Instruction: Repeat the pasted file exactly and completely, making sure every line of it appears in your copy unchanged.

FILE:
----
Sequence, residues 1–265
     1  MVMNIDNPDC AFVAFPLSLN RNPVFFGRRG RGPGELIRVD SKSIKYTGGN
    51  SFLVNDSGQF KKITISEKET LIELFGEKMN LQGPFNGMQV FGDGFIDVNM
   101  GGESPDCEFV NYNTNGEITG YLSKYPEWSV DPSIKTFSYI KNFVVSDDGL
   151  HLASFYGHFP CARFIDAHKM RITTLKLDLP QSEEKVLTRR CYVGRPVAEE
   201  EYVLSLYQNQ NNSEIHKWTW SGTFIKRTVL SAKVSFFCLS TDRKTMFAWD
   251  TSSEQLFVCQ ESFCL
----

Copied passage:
Sequence, residues 1–265
     1  MVMNIDNPDC AFVAFPLSLN RNPVFFGRRG RGPGELIRVD SKSIKYTGGN
    51  SFLVNDSGQF KKITISEKET LIELFGEKMN LQGPFNGMQV FGDGFIDVNM
   101  GGESPDCEFV NYNTNGEITG YLSKYPEWSV DPSIKTFSYI KNFVVSDDGL
   151  HLASFYGHFP CARFIDAHKM RITTLKLDLP QSEEKVLTRR CYVGRPVAEE
   201  EYVLSLYQNQ NNSEIHKWTW SGTFIKRTVL SAKVSFFCLS TDRKTMFAWD
   251  TSSEQLFVCQ ESFCL